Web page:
Teen Depression May Lead to Self-Harm And Mutilation
Are you aware if your teen purposely injures herself? Teen depression or anxiety can trigger this response to stress, and you might not even know about it. Self-harm is difficult to imagine, but some teens who are have depression or anxiety disorder use it as a way to release painful emotions.
If your teen is injuring herself, it's imperative that you seek help. Here is some background on self-injury.
It mostly affects women between the ages of 13 and 30, but men are also likely to react this way to painful depression and anxiety. They will use any object they can find to inflict pain on themselves. This includes cutting with razors, scissors, broken glass, pieces of sharp metal, needles or whatever else they can find. Read: Teenage Depression Can Be Enduring, but Is More Often Short-Lived.
A sure sign that your teen is injuring herself is any repeated cuts on her arms, legs, hands, wrists and elsewhere. Some injuries are minor and heal quickly, while others can be severe enough to cause permanent scarring and possibly require medical treatment.
While the majority of people who self-harm are not suicidal, there are some who are, so this should not be ruled out. See also: Teen Suicide Rates In U.S. Rising.
The big question is why do they take such drastic action against themselves?
Disruptive family life, trauma and sexual abuse are some of the more common reasons why teens self-harm. It is their way of relieving the anger and inner turmoil that results from these disruptions. While it might appear to be a method to gain attention, cutting is actually something that teens do in private, away from view.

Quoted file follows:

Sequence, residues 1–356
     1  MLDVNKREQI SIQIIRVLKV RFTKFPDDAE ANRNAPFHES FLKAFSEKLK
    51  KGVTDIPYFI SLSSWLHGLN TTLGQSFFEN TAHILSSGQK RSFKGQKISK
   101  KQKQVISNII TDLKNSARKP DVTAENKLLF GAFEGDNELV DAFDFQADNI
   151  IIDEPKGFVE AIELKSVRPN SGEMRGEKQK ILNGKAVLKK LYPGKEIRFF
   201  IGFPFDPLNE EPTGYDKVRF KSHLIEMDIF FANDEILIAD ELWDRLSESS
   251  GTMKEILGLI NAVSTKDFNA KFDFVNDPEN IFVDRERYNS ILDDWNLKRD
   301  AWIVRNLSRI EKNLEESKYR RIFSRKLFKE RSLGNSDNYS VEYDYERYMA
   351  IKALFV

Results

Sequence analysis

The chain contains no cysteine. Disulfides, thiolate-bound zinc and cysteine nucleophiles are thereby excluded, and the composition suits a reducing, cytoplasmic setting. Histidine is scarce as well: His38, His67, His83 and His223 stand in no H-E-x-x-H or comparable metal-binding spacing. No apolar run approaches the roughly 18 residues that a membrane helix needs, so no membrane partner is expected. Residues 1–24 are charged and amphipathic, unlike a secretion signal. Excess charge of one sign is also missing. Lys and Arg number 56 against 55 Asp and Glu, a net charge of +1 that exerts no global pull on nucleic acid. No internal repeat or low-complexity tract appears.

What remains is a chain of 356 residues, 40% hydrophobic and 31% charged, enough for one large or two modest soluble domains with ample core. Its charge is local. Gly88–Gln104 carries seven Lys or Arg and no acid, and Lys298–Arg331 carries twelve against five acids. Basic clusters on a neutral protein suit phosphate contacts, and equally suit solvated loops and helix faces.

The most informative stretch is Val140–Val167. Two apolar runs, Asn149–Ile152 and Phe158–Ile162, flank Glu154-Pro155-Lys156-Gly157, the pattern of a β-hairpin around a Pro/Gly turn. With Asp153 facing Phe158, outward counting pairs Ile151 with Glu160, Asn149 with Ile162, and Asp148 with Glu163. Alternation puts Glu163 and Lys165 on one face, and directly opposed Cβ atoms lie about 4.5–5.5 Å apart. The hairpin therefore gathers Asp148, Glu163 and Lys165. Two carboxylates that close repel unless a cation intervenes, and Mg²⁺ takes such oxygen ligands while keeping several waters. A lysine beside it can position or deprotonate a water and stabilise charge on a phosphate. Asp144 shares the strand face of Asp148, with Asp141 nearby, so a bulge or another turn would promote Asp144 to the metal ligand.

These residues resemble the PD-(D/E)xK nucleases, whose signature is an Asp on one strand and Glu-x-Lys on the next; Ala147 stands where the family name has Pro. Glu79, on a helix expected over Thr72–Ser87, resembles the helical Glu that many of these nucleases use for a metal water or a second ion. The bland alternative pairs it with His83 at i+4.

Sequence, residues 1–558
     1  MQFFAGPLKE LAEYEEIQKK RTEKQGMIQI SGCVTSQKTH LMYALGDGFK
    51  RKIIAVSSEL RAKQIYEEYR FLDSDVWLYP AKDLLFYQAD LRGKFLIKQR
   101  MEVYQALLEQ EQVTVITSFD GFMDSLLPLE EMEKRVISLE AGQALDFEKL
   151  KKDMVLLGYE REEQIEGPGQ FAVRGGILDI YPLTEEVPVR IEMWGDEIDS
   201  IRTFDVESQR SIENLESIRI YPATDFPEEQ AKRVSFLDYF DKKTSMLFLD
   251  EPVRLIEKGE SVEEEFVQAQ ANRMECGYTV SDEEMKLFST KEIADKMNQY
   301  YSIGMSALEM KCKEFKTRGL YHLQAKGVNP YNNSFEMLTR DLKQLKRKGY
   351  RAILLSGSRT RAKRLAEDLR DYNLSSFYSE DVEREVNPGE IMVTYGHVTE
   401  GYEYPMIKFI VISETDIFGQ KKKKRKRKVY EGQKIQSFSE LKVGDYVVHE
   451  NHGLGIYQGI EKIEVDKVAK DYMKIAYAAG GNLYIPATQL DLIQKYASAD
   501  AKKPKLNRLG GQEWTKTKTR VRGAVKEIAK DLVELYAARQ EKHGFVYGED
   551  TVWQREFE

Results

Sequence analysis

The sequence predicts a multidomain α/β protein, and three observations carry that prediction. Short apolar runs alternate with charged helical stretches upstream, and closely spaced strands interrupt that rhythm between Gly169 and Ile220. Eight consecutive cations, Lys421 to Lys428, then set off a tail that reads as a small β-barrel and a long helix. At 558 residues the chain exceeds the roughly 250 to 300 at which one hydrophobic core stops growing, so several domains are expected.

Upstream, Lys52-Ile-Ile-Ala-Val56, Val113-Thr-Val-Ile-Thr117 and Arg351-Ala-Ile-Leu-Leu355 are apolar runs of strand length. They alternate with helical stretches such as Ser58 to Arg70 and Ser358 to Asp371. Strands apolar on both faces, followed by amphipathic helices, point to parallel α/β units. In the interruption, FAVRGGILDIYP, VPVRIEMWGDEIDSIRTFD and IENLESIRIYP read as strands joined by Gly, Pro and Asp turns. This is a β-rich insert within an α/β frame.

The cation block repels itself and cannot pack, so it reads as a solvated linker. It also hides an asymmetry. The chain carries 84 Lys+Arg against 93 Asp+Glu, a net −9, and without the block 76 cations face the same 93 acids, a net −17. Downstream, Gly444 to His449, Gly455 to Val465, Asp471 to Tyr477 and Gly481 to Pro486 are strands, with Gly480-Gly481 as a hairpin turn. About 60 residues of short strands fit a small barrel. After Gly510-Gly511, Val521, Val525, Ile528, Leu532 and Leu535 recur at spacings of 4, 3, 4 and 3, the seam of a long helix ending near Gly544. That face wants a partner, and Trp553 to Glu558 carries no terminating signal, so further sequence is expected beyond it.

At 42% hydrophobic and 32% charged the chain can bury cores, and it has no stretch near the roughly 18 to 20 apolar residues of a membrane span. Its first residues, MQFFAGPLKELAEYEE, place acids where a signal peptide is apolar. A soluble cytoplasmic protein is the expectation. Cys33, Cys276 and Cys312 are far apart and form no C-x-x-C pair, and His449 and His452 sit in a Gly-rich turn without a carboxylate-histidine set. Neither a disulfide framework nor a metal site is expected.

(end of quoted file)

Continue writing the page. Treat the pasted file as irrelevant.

In fact, unless you happen to see your teen with her arms or legs exposed, chances are you will never know that she has injured herself repeatedly.
Any negative emotions can trigger the self-harm, which makes it that much more difficult to pin down. One such emotion is the idea that she needs to punish herself for guilt that she feels. Other possible causes include bipolar disorder, obsessive thinking, eating disorders, and aggressive behavior.
Cutting offers a distraction from the real pain that's going on inside her. Emotional pain can be much more unbearable than a few cuts. In fact, cutting provides a sense of relief, although temporary.
Resolving the self harm means getting to the root of the problem that is causing the emotional pain. If the teen has suffered sexual abuse or is having difficulty coping with chaos in the family, these issues must be addressed by a doctor or other medical professional.
If your teen is experiencing unbearable anxiety, which can come from any number of sources including school and peer pressure, this too much be treated to prevent more serious problems arising in the future.
Cutting is a sure sign that your teen has not learned how to deal with various life experiences and the stress they bring. It is important for your teen to learn good coping skills so that this problem does not repeat itself.
What you can do
Teaching your teen alternative ways of coping is imperative because once she starts cutting, it becomes almost addictive and extremely difficult for her to break the habit.
Seek professional help as soon as you realize there is a problem. Find someone who will help her to establish a more positive attitude about herself and her options. Do whatever you can to help build her confidence and self esteem. Offer your support. Open the door for non-judgmental communication where she can share her concerns. Talk therapy is an extremely beneficial coping mechanism.
It's important to stay positive about the healing process. Some teens will recover quickly, while others will take longer. Although you might not see results on the outside, you can be sure something good is happening on the inside.
Discover the underlying causes that trigger teen depression. Sylvia's new ebook, "Understanding Adolescence: A Guide to Teenage Depression & Suicide" fills in the details, including the biological changes teens experience as they transition between childhood and adulthood.